Sydney McLaughlin turns 22 three days after the final of the 400-meter hurdles, in which she might win Olympic gold and may even lower her current world record.
Her big birthday plans?
“Try and find a cupcake and then blow out the candles by myself,” McLaughlin said.
Welcome to the no-fun Olympics, where celebrations and camaraderie will be muted by stringent rules and regulations due to the coronavirus pandemic.
Navigating the Tokyo Games may prove to be anything but a piece of cake: Masks and social distancing — 2 meters (more than 6 feet) — strictly required. Hugging is a no-no when celebrating. Meals in big groups are to be avoided. Alcohol must be consumed in one’s room — and alone. Family interactions are basically reduced to video chatting.
Not exactly the once-in-a-lifetime experience many athletes were envisioning.
“In my head, it’s going to be like a really cool jail. Like you’re going to be super excited, but you’re still in jail,” American archer and three-time Olympic medalist Brady Ellison said. “But when we get there, it may not be nearly as bad as what we think it is, right?”
The lengthy playbook — a guideline for a “safe and successful Games” — is filled with “cannots” and “do nots.” Slip-ups and their consequences range from warnings to fines to maybe even worse — expulsion? — for the approximately 15,400 athletes expected to take part in the Olympics and Paralympics.
Athletes are taking the heavy restrictions — no shaking hands, don’t walk around the city, eat alone when possible — in stride. Because there’s a big silver lining: They’re finally green-lighted to compete after the Tokyo Games were postponed a year due to COVID-19.
“They’re sacrificing a lot,” USA men’s basketball and San Antonio Spurs coach Gregg Popovich said. “They can’t take their friends or family to Tokyo. It’s a huge sacrifice and I think they deserve a lot of credit for that.”
Then again, athletes have become adept at being flexible.
“I guess the one thing the pandemic has taught me is not to have any expectations and always expect this constant unknown,” said U.S. women’s volleyball player Jordan Larson, who is heading to her third Olympics. “It’s going to be different than our past experiences for sure. But I also think we’re going to look back and be like, ‘Whoa, remember that time we played in an Olympic Games in the middle of the pandemic?’”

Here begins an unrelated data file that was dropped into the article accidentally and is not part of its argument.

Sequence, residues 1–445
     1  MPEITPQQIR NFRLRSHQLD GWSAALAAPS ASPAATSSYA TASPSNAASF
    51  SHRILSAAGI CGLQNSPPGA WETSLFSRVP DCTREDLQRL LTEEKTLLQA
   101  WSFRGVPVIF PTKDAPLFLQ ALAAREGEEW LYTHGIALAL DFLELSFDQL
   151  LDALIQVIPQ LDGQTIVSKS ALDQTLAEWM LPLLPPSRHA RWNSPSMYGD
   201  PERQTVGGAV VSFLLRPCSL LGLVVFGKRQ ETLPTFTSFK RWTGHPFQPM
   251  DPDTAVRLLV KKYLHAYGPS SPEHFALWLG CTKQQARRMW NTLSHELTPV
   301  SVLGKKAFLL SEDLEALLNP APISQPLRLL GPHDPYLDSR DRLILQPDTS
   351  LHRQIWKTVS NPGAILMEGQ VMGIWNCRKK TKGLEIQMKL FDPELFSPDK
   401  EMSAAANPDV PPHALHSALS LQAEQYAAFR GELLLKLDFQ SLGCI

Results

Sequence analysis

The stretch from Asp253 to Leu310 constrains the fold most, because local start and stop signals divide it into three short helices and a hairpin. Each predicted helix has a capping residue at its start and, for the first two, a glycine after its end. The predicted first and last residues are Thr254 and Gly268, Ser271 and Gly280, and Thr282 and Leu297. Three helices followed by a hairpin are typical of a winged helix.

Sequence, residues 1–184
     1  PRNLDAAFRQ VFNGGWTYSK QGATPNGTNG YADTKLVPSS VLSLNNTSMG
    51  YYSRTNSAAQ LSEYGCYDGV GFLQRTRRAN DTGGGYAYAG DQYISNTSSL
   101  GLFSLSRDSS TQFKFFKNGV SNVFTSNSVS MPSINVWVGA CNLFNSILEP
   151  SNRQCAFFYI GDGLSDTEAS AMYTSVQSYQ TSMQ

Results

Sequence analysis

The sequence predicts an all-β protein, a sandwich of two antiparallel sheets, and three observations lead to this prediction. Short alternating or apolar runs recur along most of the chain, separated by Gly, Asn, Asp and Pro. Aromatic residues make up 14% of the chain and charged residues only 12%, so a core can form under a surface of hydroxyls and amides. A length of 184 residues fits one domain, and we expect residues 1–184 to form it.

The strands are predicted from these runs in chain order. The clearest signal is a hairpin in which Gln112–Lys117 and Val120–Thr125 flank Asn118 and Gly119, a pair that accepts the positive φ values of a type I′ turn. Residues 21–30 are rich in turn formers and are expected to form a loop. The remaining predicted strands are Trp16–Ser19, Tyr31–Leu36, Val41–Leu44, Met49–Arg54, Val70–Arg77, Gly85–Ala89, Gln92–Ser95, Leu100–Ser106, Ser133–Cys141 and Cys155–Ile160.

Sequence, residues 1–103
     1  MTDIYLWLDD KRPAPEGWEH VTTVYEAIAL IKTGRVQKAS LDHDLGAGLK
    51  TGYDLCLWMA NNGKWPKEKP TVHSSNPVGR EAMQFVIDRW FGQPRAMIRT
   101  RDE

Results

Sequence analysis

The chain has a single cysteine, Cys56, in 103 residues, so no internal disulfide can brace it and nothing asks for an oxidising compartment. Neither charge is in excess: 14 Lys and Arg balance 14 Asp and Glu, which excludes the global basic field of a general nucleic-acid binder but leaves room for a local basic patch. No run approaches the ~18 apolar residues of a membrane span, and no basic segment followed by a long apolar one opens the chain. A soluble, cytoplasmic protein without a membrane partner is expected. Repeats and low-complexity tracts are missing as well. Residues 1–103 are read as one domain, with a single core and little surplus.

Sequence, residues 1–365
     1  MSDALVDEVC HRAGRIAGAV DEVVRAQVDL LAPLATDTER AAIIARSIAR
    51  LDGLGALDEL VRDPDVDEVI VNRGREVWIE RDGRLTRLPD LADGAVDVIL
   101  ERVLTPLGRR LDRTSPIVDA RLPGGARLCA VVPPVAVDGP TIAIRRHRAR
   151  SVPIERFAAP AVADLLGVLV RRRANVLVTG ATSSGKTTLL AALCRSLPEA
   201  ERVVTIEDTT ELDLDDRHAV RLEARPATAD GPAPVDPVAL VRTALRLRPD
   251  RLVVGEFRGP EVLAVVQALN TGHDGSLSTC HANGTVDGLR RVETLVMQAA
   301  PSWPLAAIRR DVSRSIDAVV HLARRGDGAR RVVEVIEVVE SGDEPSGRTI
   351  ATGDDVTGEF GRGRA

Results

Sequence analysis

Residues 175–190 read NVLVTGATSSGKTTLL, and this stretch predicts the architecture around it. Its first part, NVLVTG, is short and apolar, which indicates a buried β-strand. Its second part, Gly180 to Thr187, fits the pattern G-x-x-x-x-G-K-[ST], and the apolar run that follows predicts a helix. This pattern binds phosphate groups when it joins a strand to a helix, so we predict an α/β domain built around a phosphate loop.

Another added wrinkle to overcome: homesickness. Most family members will only be allowed to offer support through phone calls and video chats.
“It’s going to be sad for a lot of families and friends,” Larson said, “just because it is such a special moment in life.”
The stage is set, though, for some gold medal-worthy performances on social media. Let the singing and dancing commence with posts on TikTok, which wasn’t around for the 2016 Rio de Janeiro Games.
“I feel like it’s going to a very social media-heavy Olympics, given the fact that everyone is going to be stuck in their rooms,” American 400-meter hurdler Rai Benjamin said.
To fill the down time between practice and competitions, participants are turning to a variety of activities:
— American high jumper Vashti Cunningham plans to catch up on episodes of “Naruto,” a Japanese anime series on Netflix.
— Paralympian cyclist/barista Oksana Masters intends to open a coffee bar in her room, bringing plenty of coffee beans — and her grinder — to serve fellow athletes and keep them “well-caffeinated,” the eight-time Paralympic medalist said.
— Sylvia Fowles will spend some time in Tokyo studying mortuary sciences. The WNBA MVP in 2017 and three-time gold medalist for the U.S. women’s basketball team has to be ready after the Olympics. “Just waiting to take national boards,” Fowles said.
— Norwegian 400-meter hurdle world record-holder Karsten Warholm will go old-school and bring DVDs.
— U.S. women’s volleyball coach Karch Kiraly has games lined up such as cornhole.
— Ellison will hit the virtual links inside his room, with “tee times” at famed courses such as St. Andrews in Scotland and Augusta. His rounds will provide a little physical activity because he will be swinging a golf club that serves as a game simulator.
“It will be nice to have a little bit of movement,” Ellison said. “You kind of turn to jelly when you have to sit in a hotel room.”
To stay locked in, Jourdan Delacruz and the U.S. weightlifting team are training in Waikiki, working out on Tokyo time (waking up late) and in a converted hotel ballroom.
The plan: travel to Japan a few days before her event, compete and then head back to Hawaii, where her parents, brother and cousin will be waiting. Then, watch the rest of the Tokyo Games with family and teammates.
“I was really looking forward to watching other athletes from different sports,” Delacruz said. “At this point, I’m just very grateful that it’s even happening.
About the celebrations (for a medal or just in general): Keep a safe distance — and no alcohol allowed in public areas of the village. If athletes want a drink, they’re being told to “drink alone” in their room.
One of the symbols of the celebratory atmosphere of the Olympics is its longstanding distribution of condoms. In Rio, for instance, officials doled out 450,000 through vending machines and with signs that read, “Celebrate with a Condom.” This time, there will be 150,000 condoms given to athletes only as they leave for home.
Speaking of leaving for home, athletes are asked to pack up and depart no more than 48 hours after they’re done competing.
“It’s very restrictive. You can’t be a tourist,” U.S. rower Grace Luczak said. “I don’t think we’re going to be able to stay around to see all the rowing events finish.”
A totally different Olympics, for sure. Everyone’s just trying to make the most of the unprecedented situation.
“We’ll cheer … from afar,” said Nancy Smith, the mother of U.S. volleyball player David Smith. “It’s not the same. But we’re thankful he gets to go.”